by Matt Doran
This month we began year three of our middle school professional development program, with an emphasis on pedagogical content knowledge. We are focusing our discussions on creating and implementing a vision for social studies in alignment with the C3 Framework.
Since social studies is not a state-tested subject in Ohio middle schools, there is often a perception that it is the least important of the core subjects. Balderdash. The opposite is true: Social studies is too important to force into the constraints of state testing. Free from the yoke of testing, middle school social studies teachers have the freedom and flexibility to execute a vision of social studies education that aligns with both the original intent of social studies and its vital purpose in 21st century democracies. The skills, reasoning capacities, and civic dispositions social studies cultivates cannot be effectively captured through a standardized test.
The centrality of social studies among the school subjects lies not in its place within the cesspool of corporate testing and sham accountability systems, but in its instrumental purpose in modern democracies. As conceived by the Report of the Social Studies Committee in 1916, social studies is a discipline designed to actualize a Deweyan vision of pragmatism in education. Drawing from a wide-range of disciplines in the humanities and social sciences, social studies aims to tap into students’ interests and use inquiry-learning to solve real-world problems. Its purpose is explicitly instrumental: to improve society.
Having emerged in the Progressive Era, the creation of the social studies in school curricula was part of a broader response to the ills and excesses of Gilded Age industrial capitalism. The Progressive Era ushered in democratic reforms in states (referendum, initiative, recall) and the U.S. Constitution (17th and 19th amendments). Laws were passed to safeguard food production and the environment, limit the power of corporate trusts and monopolies, and establish compulsory public education.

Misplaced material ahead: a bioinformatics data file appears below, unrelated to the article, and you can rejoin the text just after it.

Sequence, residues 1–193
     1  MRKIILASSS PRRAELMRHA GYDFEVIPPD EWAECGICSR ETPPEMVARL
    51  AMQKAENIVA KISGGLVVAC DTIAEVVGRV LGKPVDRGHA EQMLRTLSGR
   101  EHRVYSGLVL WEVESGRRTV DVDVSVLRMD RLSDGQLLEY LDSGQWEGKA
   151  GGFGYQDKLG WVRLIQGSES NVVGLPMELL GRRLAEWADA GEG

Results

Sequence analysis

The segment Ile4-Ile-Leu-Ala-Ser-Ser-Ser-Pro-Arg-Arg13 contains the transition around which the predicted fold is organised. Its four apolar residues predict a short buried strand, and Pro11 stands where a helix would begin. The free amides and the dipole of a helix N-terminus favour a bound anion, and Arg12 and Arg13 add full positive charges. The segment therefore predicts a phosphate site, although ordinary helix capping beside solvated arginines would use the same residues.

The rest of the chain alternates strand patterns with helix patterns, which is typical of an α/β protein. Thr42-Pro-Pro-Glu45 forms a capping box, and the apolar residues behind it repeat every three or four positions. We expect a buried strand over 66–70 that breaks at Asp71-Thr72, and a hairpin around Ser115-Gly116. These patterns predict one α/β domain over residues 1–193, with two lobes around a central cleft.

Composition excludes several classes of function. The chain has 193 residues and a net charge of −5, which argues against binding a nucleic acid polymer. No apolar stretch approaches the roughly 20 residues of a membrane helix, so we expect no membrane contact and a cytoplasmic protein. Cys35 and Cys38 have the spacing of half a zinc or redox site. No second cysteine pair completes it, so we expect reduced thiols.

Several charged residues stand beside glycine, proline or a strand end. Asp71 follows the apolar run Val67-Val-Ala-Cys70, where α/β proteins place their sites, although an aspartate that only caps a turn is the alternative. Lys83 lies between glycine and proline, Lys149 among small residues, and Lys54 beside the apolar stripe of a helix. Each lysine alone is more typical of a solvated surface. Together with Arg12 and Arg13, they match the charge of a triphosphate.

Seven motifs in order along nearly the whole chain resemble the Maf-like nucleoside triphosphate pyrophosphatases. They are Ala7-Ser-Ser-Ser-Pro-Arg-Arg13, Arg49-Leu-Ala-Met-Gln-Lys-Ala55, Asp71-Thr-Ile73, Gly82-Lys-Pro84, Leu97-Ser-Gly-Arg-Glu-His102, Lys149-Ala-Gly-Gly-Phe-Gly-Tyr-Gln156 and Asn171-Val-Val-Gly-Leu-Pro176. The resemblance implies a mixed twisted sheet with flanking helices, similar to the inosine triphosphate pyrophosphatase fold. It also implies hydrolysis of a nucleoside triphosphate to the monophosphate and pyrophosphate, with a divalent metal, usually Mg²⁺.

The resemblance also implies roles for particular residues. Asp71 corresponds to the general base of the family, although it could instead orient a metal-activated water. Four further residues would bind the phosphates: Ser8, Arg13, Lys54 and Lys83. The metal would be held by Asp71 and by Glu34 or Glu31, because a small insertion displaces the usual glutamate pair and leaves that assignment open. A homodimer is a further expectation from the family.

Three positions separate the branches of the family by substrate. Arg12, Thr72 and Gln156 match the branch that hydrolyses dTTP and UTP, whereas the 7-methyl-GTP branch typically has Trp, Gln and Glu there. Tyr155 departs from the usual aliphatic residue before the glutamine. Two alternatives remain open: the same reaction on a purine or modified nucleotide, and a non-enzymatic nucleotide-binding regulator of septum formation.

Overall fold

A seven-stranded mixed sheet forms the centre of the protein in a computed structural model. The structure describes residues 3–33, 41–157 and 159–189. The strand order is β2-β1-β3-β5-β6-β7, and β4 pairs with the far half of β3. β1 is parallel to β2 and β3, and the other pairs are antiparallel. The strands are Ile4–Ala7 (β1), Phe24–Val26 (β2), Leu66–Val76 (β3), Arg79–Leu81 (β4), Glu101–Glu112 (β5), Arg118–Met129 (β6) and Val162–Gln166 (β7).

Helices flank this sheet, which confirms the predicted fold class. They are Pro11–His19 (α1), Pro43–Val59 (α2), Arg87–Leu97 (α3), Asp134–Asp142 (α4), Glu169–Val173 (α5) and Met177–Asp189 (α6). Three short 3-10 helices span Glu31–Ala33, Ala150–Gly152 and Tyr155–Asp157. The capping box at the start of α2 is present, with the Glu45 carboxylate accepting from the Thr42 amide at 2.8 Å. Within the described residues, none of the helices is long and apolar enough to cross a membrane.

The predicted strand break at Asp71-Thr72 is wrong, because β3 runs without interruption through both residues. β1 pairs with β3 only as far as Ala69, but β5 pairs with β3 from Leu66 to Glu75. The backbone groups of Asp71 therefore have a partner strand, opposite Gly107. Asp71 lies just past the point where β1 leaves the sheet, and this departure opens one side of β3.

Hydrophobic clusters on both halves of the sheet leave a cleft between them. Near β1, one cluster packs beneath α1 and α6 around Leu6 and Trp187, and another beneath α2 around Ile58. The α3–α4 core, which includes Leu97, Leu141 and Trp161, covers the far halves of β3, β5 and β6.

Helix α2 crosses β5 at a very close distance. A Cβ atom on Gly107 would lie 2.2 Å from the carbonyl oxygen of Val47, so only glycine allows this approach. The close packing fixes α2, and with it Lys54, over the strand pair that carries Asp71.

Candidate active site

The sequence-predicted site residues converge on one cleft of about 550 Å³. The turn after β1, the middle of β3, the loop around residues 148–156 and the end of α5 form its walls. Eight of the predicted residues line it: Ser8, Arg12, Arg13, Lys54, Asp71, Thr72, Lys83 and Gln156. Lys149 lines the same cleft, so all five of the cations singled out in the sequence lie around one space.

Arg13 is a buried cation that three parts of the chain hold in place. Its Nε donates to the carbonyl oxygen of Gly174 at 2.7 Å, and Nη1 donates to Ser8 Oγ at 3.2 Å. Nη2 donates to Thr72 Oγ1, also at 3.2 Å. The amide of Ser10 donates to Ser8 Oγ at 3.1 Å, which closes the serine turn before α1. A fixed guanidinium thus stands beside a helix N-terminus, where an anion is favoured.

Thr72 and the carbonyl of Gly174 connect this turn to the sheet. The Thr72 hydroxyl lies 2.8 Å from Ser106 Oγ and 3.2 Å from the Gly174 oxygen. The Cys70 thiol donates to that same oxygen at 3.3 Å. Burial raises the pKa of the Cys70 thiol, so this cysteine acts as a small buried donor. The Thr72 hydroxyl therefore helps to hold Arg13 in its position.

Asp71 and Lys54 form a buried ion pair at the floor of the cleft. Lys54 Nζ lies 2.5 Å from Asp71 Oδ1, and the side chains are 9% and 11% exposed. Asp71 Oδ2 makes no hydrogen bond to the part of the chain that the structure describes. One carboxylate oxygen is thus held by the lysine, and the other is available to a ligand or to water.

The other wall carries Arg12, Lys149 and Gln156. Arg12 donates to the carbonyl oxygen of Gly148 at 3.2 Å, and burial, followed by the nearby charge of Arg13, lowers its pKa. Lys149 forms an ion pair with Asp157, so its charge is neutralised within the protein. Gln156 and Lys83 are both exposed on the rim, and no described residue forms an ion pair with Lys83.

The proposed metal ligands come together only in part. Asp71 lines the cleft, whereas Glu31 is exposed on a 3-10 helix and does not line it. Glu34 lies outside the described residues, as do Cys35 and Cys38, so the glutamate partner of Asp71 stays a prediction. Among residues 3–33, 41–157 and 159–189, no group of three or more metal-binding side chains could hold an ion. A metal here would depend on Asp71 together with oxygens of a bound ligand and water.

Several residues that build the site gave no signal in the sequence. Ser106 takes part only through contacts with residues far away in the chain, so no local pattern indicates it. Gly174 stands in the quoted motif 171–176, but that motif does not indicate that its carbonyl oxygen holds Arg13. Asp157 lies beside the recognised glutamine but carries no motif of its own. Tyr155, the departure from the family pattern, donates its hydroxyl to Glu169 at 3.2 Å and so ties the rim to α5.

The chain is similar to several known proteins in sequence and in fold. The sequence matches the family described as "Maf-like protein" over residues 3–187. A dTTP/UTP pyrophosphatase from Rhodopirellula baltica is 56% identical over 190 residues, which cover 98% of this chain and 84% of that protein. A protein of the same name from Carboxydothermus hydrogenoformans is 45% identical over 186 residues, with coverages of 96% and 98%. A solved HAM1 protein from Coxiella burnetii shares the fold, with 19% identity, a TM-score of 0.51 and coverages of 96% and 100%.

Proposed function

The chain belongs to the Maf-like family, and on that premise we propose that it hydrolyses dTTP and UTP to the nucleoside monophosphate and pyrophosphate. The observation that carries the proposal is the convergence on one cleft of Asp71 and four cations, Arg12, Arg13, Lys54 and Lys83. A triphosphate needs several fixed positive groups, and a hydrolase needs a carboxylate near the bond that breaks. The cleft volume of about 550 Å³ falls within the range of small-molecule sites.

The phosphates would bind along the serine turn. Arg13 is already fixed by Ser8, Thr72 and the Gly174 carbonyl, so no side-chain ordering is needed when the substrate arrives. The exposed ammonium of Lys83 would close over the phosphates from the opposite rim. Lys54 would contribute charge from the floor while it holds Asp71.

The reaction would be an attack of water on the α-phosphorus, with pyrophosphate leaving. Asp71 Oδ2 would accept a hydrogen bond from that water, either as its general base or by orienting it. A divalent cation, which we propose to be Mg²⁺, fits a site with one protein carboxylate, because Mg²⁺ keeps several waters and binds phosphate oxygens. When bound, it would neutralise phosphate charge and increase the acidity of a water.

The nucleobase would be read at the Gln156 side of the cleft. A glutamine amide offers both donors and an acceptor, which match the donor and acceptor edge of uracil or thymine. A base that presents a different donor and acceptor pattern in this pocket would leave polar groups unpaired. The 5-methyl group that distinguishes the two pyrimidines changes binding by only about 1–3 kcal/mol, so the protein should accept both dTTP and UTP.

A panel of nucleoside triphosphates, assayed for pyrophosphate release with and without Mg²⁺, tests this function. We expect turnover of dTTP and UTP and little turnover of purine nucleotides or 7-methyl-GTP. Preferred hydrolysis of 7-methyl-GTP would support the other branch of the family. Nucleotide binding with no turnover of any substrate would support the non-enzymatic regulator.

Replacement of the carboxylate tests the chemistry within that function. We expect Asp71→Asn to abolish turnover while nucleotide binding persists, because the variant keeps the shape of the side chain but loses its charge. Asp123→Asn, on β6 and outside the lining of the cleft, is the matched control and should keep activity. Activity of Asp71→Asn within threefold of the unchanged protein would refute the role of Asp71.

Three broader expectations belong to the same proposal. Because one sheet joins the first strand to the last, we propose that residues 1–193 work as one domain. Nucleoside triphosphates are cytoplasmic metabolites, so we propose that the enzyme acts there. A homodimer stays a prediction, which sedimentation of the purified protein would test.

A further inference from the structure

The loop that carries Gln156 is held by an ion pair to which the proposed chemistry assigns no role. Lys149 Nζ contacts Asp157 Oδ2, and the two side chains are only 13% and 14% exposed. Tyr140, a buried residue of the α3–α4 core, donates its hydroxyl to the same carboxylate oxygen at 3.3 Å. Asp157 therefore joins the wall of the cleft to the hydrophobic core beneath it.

In the decades since the Progressive Era, historians and social scientists of the various disciplines that make-up social studies have defined thinking skills central to the disciplines. Such skills include conducting original research, contextualizing historical sources, creating and analyzing data sets, evaluating sources, supporting arguments with evidence, and unpacking cause-and-effect relationships.
Many scholars today argue that we are living in a Second Gilded Age, defined by social and economic inequality and political corruption. Even if one doesn’t agree with this characterization of our present times, it is difficult to imagine a case being made against the critical importance of social studies in the 21st century. Do we need increased civic engagement, better civil discourse, more cultural awareness, heightened concern for social justice, greater discernment in evaluating the credibility of information, creative cross-disciplinary solutions to real-world problems, and sharper ethical thinking skills? If so, then we need more social studies, not less. As Natalie Wexler has written in a recent Forbes article, “We know that only a minority of students will end up working in STEM fields. But virtually all will be expected to exercise their rights and responsibilities as citizens of a democracy.”
With great freedom comes great responsibility. As social studies teachers, we bear the responsibilities of communicating the importance of our vision to the broader community, and designing and aligning our curriculum to meet this instrumental purpose. We cannot decry state testing on the one hand, while continuing to pack our non-tested courses with a superfluity of Googleable names, dates, and facts on the other. In Why Learn History, When It’s Already on Your Phone, Sam Wineburg describes the ongoing work of the Stanford History Education Group to “change history class from a forced march through an all-knowing textbook to a journey where students, to invoke the late Ted Sizer, ‘learn to use their minds well.’ ” In practice, this requires more student-centered inquiry, research, problem solving, disciplinary thinking, discussion, presentations, and taking informed civic action.
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